December 14, 2009

Rehearsal Update

I call this: On the Road Again,theatre — Posted by KP @ 12:13 am

I know I haven’t blogged much this week. Believe me, with the Guthrie’s most famous blogger sitting next to me 8 hours a day, I get reminded when I’m slacking.

The Meet & Greet

This week we began with our Meet & Greet. Traditionally this would be done on the first day, but it was postponed to allow for a date when the artistic directors of the Guthrie and The Acting Company — Joe Dowling and Margot Harley — could both be present to speak at the ceremonial beginning of the rehearsal process. They both spoke of the great collaboration between the two companies that was started with last year’s Henry V, and how they were looking forward to keeping up the partnership with this production and others to come. Joe introduced our actors individually, who stood for applause from those Guthrie staff members gathered. They then introduced our director, Penny Metropulos, who introduced the production team (myself, Nick, our choreographer Marcela Lorca, and our voice and text consultants, Andrew Wade and Sara Phillips). Penny gave a basic overview of the concept for the show, the set and costume design, and the period the show is set in (roughly 1912), and why these choices were made. She gave a very moving talk about why the show is important and timeless to audiences.

Week Sort-Of-1 (Staging)

Once these festivities were done, we took a five, and crossed the doorway back into our usual rehearsal room, where we began staging from the top of the show. Now that the week is over, we are staged up to the first part of Act V, Scene 1 (Benvolio comes to tell Romeo that Juliet is “dead”). I think it would be safe to say we are about 4/5ths of the way through the show. We also spent the end of today’s rehearsal doing a stumble-through of Part I (i.e. the part of the show before intermission). We have also run other large chunks of the show, which provides a good perspective on how the whole thing fits together. There is still much that needs to be worked in more detail, so we are far from done, but we have a solid structure after little more than a week. Our cast is off book for a surprising amount of the show, and I think we’re all pretty pleased with how much we’ve accomplished so far.

Outside of Rehearsal Room 2, we have had costume measurements, some costume fittings, and a consultation for facial hair provided by the Guthrie’s hair department. Next week we have more fittings, and we begin sessions with our actors and voice/text consultants, where they will get one-on-one work on the text.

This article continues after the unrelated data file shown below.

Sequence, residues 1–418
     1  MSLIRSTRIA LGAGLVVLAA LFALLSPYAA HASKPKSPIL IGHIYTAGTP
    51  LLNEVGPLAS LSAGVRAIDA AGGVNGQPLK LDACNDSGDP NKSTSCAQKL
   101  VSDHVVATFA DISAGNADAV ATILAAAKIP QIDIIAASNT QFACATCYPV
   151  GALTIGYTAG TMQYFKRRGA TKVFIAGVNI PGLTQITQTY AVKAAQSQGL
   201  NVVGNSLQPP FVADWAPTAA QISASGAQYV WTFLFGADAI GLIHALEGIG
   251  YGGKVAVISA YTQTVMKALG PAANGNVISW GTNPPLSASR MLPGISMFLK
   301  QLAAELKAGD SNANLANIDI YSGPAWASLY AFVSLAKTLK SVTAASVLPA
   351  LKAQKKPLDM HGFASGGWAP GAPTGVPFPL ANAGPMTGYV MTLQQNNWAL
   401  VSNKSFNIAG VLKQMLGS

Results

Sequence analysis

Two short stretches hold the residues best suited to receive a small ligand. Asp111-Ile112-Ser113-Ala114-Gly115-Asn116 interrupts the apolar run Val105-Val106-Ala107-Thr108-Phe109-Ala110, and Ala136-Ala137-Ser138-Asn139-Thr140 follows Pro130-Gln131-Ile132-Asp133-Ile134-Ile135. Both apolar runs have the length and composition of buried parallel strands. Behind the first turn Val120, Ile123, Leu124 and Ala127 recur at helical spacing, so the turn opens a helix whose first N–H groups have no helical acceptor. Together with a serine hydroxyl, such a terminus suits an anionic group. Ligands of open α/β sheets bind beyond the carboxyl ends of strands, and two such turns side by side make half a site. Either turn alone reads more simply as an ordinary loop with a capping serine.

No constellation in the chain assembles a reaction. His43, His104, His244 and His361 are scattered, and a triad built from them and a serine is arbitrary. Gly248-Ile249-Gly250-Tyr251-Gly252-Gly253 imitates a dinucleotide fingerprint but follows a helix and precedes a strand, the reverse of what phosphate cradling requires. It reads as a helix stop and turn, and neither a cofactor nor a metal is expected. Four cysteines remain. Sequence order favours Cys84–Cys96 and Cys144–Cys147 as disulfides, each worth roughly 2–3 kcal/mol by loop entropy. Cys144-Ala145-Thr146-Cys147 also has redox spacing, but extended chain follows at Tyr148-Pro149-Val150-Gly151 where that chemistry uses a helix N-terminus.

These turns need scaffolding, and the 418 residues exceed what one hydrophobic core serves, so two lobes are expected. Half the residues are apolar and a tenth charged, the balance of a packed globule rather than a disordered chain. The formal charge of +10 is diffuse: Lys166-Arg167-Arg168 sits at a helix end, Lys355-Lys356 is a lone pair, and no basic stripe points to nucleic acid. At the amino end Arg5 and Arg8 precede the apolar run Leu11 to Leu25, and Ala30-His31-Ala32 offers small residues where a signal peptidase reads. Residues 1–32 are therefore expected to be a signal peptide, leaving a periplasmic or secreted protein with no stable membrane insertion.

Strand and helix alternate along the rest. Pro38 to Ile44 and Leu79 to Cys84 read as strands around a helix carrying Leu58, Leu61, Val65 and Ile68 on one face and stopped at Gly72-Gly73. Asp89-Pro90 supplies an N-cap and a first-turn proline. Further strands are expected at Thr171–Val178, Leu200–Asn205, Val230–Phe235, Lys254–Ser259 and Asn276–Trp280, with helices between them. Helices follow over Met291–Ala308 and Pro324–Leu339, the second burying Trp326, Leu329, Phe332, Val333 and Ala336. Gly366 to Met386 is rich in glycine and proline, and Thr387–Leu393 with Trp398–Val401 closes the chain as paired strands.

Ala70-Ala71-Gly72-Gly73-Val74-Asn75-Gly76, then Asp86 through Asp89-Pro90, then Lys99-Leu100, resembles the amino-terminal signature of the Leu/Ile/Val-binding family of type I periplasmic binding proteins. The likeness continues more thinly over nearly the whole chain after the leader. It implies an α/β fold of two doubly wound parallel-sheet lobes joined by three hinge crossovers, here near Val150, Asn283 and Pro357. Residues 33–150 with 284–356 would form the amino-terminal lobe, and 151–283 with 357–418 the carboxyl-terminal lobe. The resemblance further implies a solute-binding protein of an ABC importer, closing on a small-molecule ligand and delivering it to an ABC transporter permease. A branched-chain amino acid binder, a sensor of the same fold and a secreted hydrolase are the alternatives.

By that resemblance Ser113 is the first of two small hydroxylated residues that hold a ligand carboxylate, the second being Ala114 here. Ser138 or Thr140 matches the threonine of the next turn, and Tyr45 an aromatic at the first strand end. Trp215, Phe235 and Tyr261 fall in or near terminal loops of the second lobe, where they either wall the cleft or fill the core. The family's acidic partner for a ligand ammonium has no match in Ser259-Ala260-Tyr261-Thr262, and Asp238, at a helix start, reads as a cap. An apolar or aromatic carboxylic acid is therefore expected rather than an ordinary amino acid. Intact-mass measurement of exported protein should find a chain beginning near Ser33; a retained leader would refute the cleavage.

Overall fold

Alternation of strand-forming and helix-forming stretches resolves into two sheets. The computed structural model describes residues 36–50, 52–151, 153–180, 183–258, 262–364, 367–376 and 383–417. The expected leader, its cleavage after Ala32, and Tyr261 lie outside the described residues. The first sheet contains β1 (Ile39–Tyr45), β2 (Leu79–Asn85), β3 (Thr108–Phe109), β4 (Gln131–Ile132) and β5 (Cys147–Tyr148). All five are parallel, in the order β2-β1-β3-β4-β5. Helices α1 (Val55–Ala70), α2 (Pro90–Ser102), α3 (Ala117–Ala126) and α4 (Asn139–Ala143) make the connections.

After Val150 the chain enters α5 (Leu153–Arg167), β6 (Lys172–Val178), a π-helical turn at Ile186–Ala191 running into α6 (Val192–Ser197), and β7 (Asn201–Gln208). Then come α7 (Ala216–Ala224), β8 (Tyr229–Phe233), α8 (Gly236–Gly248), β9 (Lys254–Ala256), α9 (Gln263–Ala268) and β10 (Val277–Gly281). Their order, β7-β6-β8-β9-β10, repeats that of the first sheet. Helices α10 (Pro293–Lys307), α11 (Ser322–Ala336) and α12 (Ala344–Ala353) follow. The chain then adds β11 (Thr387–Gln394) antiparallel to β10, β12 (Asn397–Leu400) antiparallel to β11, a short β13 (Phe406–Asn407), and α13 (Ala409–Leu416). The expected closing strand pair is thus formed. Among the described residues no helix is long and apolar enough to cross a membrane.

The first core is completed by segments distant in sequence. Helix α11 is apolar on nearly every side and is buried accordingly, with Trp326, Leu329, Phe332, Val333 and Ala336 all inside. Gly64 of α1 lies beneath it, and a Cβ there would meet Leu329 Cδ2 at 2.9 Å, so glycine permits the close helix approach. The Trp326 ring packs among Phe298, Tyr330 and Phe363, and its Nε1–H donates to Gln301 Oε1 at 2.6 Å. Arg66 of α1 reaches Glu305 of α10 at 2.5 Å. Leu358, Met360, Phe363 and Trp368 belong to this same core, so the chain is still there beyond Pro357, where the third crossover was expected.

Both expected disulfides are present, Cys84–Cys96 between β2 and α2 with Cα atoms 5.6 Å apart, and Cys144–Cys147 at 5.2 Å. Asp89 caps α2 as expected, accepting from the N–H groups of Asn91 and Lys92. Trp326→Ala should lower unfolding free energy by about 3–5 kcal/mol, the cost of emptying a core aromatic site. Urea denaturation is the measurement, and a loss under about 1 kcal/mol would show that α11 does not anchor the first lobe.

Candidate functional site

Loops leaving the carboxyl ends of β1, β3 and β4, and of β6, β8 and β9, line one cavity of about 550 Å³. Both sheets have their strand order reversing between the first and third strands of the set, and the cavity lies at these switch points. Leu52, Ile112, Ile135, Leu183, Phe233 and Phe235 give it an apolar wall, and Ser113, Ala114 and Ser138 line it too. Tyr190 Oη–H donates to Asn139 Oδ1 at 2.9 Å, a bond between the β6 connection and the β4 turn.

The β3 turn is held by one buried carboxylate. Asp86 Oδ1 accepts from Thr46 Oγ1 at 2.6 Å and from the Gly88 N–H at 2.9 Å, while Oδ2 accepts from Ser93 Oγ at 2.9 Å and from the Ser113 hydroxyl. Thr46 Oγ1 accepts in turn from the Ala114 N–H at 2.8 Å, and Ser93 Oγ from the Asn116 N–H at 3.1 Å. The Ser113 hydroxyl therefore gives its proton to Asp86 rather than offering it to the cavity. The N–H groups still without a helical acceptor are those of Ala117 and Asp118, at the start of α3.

Outside of rehearsal hours, we had two conference calls this week. Navigating the schedules of about 20 people in three time zones, and trying to get all of them in the presence of a telephone at the same time has had my head close to exploding for much of the week, but we managed to get a lot hashed out. We had a small call on Wednesday between our set designer, lighting designer, director, staff director, and stage management team. Our designers (one in New York, one in San Francisco) only had 15 minutes each before they had to go to appointments for other shows they’re doing, so we very quickly went through the most pressing questions — new dimensions for our infamous platform (named Fred), and clarification of how the masking allows traffic on and off stage, and access behind the set. Our real production meeting involved a larger selection of Guthrie and Acting Company staff, where we checked in on a number of issues, and I accomplished my main goal of getting everyone to agree to a schedule for the actors’ call times for tech/preview week.

The Database

In technology news, our stage management database has really come into its own this week. I know I always talk about it and never actually explain it in depth. It’s still very much in development so the idea of stopping to blog in depth about it always seems premature. Features get added to it sometimes in the middle of rehearsal when the need for them is discovered.

With Nick and I on the same network, I open the FileMaker file on my computer, and create a local server. Nick opens FileMaker and loads the file that my computer is serving, so we’re both working on the same copy of the database. As long as we’re not trying to work on the same record simultaneously, we can each make independent changes at the same time, which has proven to be very helpful.